The future of computing just might be located on the fourth floor of the National Institute for Nanotechnology Building on the University of Alberta campus, in the headquarters of Quantum Silicon Inc, or QSi.
QSi is the commercialization vehicle for some 30 years of research by nano-science researcher and physics professor Dr. Robert Wolkow.
Dr. Wolkow’s expertise lies in his deep understanding of the atomic structure of silicon, uncovering fundamental scientific knowledge that can lead to new industrial products and processes at the nano-level.
Before delving into QSi’s potential to make faster, lighter and extremely efficient computers, QSi CEO Ken Gordonreviews the current technology used in the computer industry.
“The semi-conductor industry has been wildly successful because it has developed the technologies necessary to allow it to follow ‘Moore’s Law’,” says Gordon. “Every two years, the industry has been able to double the number of transistors on a given surface area of silicon, reducing the cost and increasing the speed of computing devices.”
That curve, using what’s known as CMOS (Complementary Metal-Oxide Semiconductor) has held true for 40 years.
But it is coming to an end. “Transistors use electrical current to do their calculations. For at least the last ten years, the power they use has not decreased with device size, so now they generate more heat than can be carried away by conventional cooling.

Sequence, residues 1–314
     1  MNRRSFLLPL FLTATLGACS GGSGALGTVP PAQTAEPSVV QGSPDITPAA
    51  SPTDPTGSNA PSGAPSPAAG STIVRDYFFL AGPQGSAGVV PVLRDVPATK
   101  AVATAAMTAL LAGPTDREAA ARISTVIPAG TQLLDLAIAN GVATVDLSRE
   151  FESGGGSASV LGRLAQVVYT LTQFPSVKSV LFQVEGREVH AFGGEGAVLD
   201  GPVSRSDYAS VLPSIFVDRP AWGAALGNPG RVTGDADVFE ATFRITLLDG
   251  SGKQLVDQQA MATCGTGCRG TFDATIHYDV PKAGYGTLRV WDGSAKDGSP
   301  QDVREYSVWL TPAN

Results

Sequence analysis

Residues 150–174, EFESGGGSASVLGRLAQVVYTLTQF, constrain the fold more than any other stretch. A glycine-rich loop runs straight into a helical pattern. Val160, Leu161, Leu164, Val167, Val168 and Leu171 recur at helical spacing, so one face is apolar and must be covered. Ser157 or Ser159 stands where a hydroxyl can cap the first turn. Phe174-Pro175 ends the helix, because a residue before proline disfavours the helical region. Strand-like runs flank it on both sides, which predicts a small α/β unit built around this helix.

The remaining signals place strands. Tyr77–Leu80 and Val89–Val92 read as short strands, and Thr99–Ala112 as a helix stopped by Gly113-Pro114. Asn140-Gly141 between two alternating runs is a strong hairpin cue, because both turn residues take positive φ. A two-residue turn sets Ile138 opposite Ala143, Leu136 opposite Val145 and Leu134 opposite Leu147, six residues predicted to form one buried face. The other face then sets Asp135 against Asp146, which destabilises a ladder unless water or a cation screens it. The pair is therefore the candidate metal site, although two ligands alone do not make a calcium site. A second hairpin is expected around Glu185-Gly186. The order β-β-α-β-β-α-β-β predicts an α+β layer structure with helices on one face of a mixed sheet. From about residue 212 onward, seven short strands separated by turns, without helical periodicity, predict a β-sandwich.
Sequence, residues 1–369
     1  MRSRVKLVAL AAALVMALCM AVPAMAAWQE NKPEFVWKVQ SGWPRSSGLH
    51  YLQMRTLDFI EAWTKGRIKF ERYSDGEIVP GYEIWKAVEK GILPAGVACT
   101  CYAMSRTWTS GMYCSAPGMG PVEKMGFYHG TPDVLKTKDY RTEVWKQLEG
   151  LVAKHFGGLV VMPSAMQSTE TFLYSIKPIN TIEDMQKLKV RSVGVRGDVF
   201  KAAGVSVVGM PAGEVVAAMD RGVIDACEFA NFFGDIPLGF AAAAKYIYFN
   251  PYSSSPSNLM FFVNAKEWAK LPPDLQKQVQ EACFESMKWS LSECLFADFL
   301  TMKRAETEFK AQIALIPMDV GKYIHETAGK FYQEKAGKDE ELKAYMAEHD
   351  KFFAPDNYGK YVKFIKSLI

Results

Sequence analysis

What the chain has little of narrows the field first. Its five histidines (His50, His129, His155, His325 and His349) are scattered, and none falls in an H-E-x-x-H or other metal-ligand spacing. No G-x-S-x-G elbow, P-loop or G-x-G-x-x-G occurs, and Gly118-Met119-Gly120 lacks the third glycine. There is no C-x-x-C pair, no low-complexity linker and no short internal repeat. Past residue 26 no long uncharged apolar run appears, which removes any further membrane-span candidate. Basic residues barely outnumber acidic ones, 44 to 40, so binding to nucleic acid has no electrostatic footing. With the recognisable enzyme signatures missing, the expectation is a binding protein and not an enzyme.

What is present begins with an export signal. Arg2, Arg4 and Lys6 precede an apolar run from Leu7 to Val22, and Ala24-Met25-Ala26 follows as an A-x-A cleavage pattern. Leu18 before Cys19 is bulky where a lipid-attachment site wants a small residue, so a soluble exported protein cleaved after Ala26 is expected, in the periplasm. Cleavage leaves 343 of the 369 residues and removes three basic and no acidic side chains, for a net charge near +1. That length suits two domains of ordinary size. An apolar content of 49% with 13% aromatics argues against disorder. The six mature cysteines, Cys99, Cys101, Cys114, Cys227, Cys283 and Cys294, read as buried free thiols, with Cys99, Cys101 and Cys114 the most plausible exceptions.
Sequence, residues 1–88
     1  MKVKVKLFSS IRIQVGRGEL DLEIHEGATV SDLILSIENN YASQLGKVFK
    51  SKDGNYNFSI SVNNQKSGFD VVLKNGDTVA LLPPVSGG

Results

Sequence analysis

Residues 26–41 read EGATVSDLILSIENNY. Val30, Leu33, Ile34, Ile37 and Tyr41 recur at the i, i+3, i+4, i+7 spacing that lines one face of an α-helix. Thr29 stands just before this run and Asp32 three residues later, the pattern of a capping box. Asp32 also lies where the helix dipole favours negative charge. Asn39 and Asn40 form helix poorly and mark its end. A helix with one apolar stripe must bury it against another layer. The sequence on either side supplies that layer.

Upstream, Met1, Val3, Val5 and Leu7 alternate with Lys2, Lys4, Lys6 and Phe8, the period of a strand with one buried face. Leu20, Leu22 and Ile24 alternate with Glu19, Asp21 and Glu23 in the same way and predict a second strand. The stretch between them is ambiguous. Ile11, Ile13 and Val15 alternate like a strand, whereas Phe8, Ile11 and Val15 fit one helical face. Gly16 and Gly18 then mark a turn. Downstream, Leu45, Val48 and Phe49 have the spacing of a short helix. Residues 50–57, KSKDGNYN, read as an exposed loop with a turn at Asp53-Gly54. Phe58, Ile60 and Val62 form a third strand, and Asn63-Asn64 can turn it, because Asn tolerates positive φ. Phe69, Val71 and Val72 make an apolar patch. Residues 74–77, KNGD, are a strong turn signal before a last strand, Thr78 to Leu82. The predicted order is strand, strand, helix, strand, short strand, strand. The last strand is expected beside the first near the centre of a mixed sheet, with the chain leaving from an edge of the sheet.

“The industry has had to adopt increasingly heroic measures – things like multi-core processors – to keep increasing the transistor count,” says Gordon. “But the speed of the processor in your computer hasn’t increased much, if at all, for the past several years.”
By way of practical impact, think of how your cell phone heats up when it’s in high use and the batteries are being drained.
Meanwhile, mega-computing requirements are needed more and more in everyday life.
A soldier today has to carry 15 kilograms worth of batteries to power his gear. The solution has to be better batteries … or better computers using far less power.
“The fact is the industry is within two to three generations away from the end of CMOS technology,” says Gordon. “There’re a number of options for what’s next. QSi is one of them.”
Working with science at the atomic level, QSi is developing logic devices that use an architecture known as “quantum dot cellular automata”.